Outside, dozens of notes are stuck to a big wooden board with tacks and nails and pieces of chewing gum. In neatly printed letters and crayoned scrawls they convey such vital though unofficial information as "Joe, Camped at Wildhorse. Follow trail 279"; "Larry S. Bring ice"; "For sale. Winchester Model 70, .308 Cheap"; "Anyone knowing the whereabouts of Prescott party, contact ranger"; "Ed, don't forget whiskey."

It is a good place not to forget anything, because there is only wilderness beyond Jacob Lake and the official check station that is located there. Hunters passing this point must show a special permit to a ranger at the station, where they are then registered, given a detailed map of the region, advice on what areas are currently accessible or inaccessible, a mimeographed set of forest rules containing the usual admonitions about campfires and a bit of dubious poetry about cleanliness.

All deer hunting in the North Kaibab is by permit. Each year sportsmen from all parts of the country apply for permission to hunt during the two annual 11-day seasons. Of the 12,000 who applied earlier this fall, 7,500 received the little bits of computer-punched paper, prized as highly as shares in a producing well, that granted them the privilege of hunting the Kaibab deer.

The many-tined Kaibab deer, with their massive heads and huge bodies, are legendary. The Piutes and Navajos hunted them generations ago, laying away their meat and skins for winter. Theodore Roosevelt was so impressed by the deer and by the beauty of the area in which he found them that he decided, in an act of classic misguidance, to "save" both for the future. By presidential decree, he declared the entire Kaibab Plateau and most of what is now Grand Canyon National Park—an area totaling more than a million acres—a game preserve. He outlawed all hunting, began a vigorous campaign against predators and touched off a chain reaction which, before it had ended, very nearly destroyed both the game and the land of the Kaibab for all time.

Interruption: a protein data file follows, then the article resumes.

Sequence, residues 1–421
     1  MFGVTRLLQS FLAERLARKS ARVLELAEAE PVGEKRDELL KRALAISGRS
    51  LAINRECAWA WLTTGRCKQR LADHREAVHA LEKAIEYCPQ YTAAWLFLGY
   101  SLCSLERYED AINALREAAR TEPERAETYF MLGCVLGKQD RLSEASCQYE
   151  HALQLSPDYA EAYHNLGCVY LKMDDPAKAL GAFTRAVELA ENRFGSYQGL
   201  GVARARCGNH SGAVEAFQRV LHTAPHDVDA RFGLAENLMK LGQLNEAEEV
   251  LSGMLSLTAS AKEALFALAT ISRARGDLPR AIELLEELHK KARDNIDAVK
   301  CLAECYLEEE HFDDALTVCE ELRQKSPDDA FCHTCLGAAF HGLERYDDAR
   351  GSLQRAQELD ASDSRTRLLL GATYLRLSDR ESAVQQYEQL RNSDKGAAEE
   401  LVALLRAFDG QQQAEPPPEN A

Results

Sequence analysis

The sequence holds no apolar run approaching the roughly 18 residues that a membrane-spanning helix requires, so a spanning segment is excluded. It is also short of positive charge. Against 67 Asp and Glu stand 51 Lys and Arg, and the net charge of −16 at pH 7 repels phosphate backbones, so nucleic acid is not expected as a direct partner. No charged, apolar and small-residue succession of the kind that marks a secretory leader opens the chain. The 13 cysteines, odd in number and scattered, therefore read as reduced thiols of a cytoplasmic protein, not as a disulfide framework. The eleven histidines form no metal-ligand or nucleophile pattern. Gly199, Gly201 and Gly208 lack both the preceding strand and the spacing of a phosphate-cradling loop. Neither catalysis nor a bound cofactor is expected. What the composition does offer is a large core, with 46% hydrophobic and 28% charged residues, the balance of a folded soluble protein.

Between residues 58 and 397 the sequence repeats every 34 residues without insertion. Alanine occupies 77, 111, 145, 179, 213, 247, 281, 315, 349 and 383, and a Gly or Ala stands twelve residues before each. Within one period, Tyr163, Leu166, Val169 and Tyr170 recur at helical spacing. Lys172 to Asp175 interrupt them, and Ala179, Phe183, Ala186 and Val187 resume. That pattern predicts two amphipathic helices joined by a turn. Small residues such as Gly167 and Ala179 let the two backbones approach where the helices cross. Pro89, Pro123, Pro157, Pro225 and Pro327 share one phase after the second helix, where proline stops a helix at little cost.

As the deer herd, unchecked by the forces that normally moderate it, increased entirely out of control, the range decreased in direct proportion. Land that had once comfortably supported 8,000 deer was soon picked bare by 100,000. One naturalist surveying the Kaibab said: "Where else can you see 1,700 deer in a single meadow?"

A year later the answer was: not in the Kaibab. For by then food was so scarce the great die-off had begun. When conservationists finally began to suspect that T.R. had not been correct in his game theories, it was almost too late to do more than save the deer from extinction. They have been saved, it is gratifying to report, and the herds in recent years have begun to return to their former numbers.

The number of permits issued each year by the Arizona Game and Fish Commission is based on the number of excess deer that should be harvested to keep the herd healthy and the range sufficiently productive to support them, multiplied by the percentage of hunters who will be unsuccessful in taking deer. Because the hunting is considerably rougher than on most deer ranges, this percentage probably is higher than might be encountered elsewhere.

The most luxurious setup in the North Kaibab is at Pine Flat Camp, which belongs to G.L. Gibbons, a carrot-topped trucker from Tucson who answers to the name Rusty and who looks so much like Mickey Rooney that he finally gave up, years ago, trying to deny it, and now in self-defense he signs autographs with the actor's name. Because it is in a national forest, the Pine Flat Camp land is not actually owned by Gibbons. Rather, he holds a long-term lease on it. He pays an annual rental fee and also pays for all improvements and maintenance of the operation and grounds. The camp, in the midst of the wilderness, is an unexpectedly opulent oasis.